Attention Deficit Disorder (ADD)/Can I change my availability after I'm hired do to a disability?
I'm not sure if you can answer this, but please read. I just got hired at Kohls yesterday and I made my availability wide open. Only thing is, I don't know if I'll be able to work eight hour shifts (I used to work at Walmart and their 8 hour shifts were horrible, especially to someone with a disability who doesn't get things as fast as others) juggling school, homework, and a social life. I have a disability (ADD) so I can ask them if they can cut my hours down to 4-5 but I'm not sure if they will like that very much. Could they fire me if I asked to change my hours? Also, do most stores start you off with 4-5 hours a day and then you build your way up to 8 hour shifts? I know Wal-mart did that when I worked there, but I'm not sure if all stores do that. Thanks in advance if you can help!
This is a good question and yes, I don't know if I am qualified to answer it. But, I will tell you what I think.
The best plan to let an employee know that you have a disability is when you are diagnosed. Since you were diagnosed prior to being hired, I think they can let you go when you tell them, based upon your application which made no mention of it.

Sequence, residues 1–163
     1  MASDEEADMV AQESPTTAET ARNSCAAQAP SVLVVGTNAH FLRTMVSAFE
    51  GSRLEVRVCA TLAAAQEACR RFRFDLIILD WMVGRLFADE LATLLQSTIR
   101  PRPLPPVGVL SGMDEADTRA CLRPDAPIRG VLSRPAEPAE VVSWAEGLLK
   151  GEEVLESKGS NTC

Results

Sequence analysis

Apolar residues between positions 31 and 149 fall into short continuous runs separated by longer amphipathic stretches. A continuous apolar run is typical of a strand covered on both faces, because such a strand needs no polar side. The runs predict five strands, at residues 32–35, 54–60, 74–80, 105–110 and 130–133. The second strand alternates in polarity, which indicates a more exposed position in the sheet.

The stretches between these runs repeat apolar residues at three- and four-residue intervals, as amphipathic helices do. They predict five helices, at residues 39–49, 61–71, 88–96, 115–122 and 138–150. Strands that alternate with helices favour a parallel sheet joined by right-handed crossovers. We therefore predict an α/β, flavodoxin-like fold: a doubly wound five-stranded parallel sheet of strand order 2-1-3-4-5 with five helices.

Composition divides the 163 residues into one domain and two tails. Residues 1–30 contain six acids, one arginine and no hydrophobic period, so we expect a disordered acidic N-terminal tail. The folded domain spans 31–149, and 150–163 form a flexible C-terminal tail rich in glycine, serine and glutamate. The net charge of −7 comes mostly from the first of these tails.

However, on the other side of the coin, firing you would be outright discrimination, if you can't work 8 hours based on your disability. It may come down to the specifics symptoms you had when you were diagnosed. If you are ADHD, what about a longer shift needs accommodation to a shorter shift?
I think it could go either way. If you tell your boss that you forgot to mention that your ADD causes you to need 5 hour work shifts, you run the risk of being fired. As I said, since your application never disclosed this, I am reasonably certain they can fire you do to that. On the other hand, that sounds like discrimination. It is a rock and a hard place situation. If you choose to tell your boss, and they fire you your recourse is to file a discrimination claim at the Office of Civil Rights. I don't know if you would win the claim, which would mean that OCR reverses the termination and you go back to work in 5 hour shifts.
Your best resource is to talk with a Civil Rights Attorney who really understands the law. Some lawyers give free consultation, that is who I would contact if I were you. I know education, not employment, so I am guessing based on how it works in education. In spite of that I answered the question to help you get the appropriate information.